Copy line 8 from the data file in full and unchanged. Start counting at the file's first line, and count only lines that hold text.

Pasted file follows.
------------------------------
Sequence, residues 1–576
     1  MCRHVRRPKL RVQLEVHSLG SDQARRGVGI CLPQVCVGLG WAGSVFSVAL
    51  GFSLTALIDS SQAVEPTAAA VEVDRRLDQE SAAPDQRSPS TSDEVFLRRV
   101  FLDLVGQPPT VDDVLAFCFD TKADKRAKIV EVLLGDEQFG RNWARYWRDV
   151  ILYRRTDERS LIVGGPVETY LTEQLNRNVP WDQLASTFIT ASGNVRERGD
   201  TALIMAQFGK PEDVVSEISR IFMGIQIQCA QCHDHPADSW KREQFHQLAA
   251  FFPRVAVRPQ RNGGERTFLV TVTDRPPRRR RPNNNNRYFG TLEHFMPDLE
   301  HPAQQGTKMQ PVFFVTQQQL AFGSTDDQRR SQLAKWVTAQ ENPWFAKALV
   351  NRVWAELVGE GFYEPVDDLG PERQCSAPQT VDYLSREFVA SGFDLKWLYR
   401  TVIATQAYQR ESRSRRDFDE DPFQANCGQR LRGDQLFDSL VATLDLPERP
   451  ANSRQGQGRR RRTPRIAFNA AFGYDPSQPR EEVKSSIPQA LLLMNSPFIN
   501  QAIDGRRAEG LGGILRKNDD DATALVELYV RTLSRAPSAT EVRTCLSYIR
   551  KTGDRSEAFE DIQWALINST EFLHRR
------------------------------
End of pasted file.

   301  HPAQQGTKMQ PVFFVTQQQL AFGSTDDQRR SQLAKWVTAQ ENPWFAKALV